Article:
I have a LOT to say about this, as you can imagine. This has been a long time coming, for those of you longtime readers.

I moved to New York in the summer of 2004 (exactly eight years ago today) to join the NYC Teaching Fellows program. I knew I would be here for two years, and in my second year of teaching (which was by far the best of any of the six years I taught), I definitely wanted to stay for a third year. The fourth year I ended up staying by default, and then I left the public school system. I interviewed at a KIPP school in Austin and would have been happy to accept a job there if they’d offered it. I ended up at a different charter school that kicked my ass, and then the following year taught at another charter school, which ended up being at least partially a disaster.

(Side note: one of my sweet students from that year still keeps in touch; we email back and forth. She is the cutest thing and I want to hug her. She is under so much pressure to do well in school though, and some of the things she writes just breaks my heart.

(Second side note re: great second year teaching: Recently I posted a status on facebook that said, “WHY can’t people read?!!! Argh!” And a student from that year, who just graduated from high school (!), replied, “Because they never had English with you.”   !!! Could you just die? See how great that year was with kids who turned out like that?? [Not only that, but she is right. If the GROWN ADULTS who I encounter in various ways had had me for an English teacher, they would not be so dumb and bad at reading comprehension!])

Even with all of those extensions, I moved to New York knowing it was temporary. I didn’t bring a lot of stuff with me (but good lord have I acquired plenty in my eight years!); it took three years to get a New York drivers license (shhh, don’t tell); I never fully mentally ‘unpacked’, so to speak. Living in a series of apartments, great though some of them were (others shitty enough to balance out), only increased that sense of “I’m only here for a short time.” Apartments are very transient to me somehow; even though we’ve lived in this particular (fantastic) apartment for three years, it doesn’t have the same feel of ‘home’ as a house might.

Plus, as the child of divorced parents and shared custody, I always had two houses, which meant that my stuff (clothes, books, toys, schoolwork, etc) was always split between two places. I often couldn’t find things because I didn’t know which house it was in, and then there was always the risk that someone moved things around while I was gone. So now that my stuff is crammed into my own apartment but that a bunch of my stuff is also in my dad’s barn and my mom’s garage…I have this low-level anxiety at the back of my mind. It’s pretty far back there; I don’t actively stress about it or even think about it often. But when I do think about my belongings, it makes me anxious because I’ve always been so desperate to have ALL of my things in ONE PLACE. A home, with roots, to settle into.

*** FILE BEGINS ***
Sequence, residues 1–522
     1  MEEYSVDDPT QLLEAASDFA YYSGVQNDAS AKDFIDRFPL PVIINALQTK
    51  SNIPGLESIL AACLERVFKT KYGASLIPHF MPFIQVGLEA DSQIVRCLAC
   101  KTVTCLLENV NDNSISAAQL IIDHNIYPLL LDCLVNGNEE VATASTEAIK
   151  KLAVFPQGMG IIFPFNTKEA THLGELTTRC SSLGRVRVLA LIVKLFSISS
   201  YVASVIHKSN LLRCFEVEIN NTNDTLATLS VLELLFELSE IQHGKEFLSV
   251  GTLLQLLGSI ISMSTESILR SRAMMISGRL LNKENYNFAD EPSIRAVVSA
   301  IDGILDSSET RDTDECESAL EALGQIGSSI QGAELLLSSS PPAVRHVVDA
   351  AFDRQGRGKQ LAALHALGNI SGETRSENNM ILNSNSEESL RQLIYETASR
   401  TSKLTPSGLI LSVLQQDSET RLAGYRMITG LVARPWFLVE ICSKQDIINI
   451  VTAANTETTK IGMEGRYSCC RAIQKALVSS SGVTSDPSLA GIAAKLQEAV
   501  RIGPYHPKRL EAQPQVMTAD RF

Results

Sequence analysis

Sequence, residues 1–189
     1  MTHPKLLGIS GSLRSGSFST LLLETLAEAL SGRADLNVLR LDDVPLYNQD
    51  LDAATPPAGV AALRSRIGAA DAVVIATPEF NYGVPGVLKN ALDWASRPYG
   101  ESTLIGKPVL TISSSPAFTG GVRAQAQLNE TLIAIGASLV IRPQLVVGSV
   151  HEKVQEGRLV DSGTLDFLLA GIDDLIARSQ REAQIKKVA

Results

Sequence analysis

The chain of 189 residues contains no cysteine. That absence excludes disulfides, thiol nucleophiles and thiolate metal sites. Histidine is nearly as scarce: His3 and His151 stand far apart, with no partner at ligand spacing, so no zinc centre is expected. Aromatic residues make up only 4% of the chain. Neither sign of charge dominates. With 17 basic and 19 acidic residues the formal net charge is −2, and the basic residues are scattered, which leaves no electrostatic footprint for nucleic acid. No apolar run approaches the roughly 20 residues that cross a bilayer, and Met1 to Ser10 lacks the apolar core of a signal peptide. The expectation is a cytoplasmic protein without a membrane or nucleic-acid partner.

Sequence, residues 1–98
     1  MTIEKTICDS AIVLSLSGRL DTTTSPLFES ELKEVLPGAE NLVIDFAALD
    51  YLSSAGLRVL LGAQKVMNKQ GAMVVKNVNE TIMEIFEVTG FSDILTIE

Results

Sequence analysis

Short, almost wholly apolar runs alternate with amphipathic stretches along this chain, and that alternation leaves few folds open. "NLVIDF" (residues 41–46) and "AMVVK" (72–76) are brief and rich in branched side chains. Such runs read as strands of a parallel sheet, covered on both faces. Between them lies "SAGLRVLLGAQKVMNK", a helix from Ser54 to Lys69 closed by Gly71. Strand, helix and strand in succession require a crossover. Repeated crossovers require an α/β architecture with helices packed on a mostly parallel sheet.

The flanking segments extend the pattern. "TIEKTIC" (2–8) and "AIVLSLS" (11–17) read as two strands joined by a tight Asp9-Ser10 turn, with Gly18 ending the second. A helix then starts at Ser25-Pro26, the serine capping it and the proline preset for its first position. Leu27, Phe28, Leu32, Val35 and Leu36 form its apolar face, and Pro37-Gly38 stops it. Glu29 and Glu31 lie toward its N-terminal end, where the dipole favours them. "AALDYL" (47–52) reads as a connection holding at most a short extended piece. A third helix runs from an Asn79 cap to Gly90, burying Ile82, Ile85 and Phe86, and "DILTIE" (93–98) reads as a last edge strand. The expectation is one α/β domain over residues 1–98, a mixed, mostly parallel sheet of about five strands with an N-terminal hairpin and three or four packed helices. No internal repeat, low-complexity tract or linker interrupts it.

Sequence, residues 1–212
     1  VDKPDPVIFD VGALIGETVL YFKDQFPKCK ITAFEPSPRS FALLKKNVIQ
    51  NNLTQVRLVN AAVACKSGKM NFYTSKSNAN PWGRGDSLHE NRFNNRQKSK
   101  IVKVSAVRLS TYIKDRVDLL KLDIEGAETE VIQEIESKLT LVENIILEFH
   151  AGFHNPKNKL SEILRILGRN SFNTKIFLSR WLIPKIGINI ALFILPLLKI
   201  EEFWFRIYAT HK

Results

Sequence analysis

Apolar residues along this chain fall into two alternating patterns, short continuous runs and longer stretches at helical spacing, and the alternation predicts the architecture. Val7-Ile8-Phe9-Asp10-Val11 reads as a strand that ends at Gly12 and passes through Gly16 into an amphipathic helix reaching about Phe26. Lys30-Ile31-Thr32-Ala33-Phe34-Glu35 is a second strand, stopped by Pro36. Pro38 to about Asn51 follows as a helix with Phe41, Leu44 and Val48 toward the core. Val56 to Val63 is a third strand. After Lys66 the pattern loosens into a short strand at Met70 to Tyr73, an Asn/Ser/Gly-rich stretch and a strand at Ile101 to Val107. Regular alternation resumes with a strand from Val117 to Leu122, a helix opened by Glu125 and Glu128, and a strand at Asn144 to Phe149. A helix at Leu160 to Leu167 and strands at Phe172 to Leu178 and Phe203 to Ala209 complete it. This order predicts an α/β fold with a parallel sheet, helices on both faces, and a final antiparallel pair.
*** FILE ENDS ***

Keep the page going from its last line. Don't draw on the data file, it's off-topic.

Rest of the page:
Andy had a sort of idyllic American childhood, in that his parents are still married, they grew up in a small, educated town so they had plenty of happy time playing at school and exploring some nearby nature, the family has lived in the same house for like 25 years now so there are still memories and things stored in the childhood home. So our experiences and outlooks on that are pretty much opposite.

We’ve had discussions (which usually ended up getting a bit emotional) for years, because I’ve always wanted to leave New York, and he has never wanted to leave. I was over it when I got here. I lived and worked in eastern Queens for four years and now Brooklyn for four, so I never was in that party-Manhattan-cool-kids scene. New Yorkers and a lot of people who live in New York tend to be in love with New York as the Best City Ever in the World And You’re Stupid If You Think Otherwise or Desire to Even Travel Somewhere Else. I quickly learned that I couldn’t say I was from Washington, because the only Washington that exists is the capital. [One time even though I said I was from Seattle, the guy goes, “Ah, DC?”  What?!!] Not only do people not seem to know their geography, many of them just haven’t been anywhere. Florida and the Caribbean are the exceptions–everyone here goes to one of those two places. But the West Coast? Central America? Europe? No way, what are you talking about, why would you want to go there?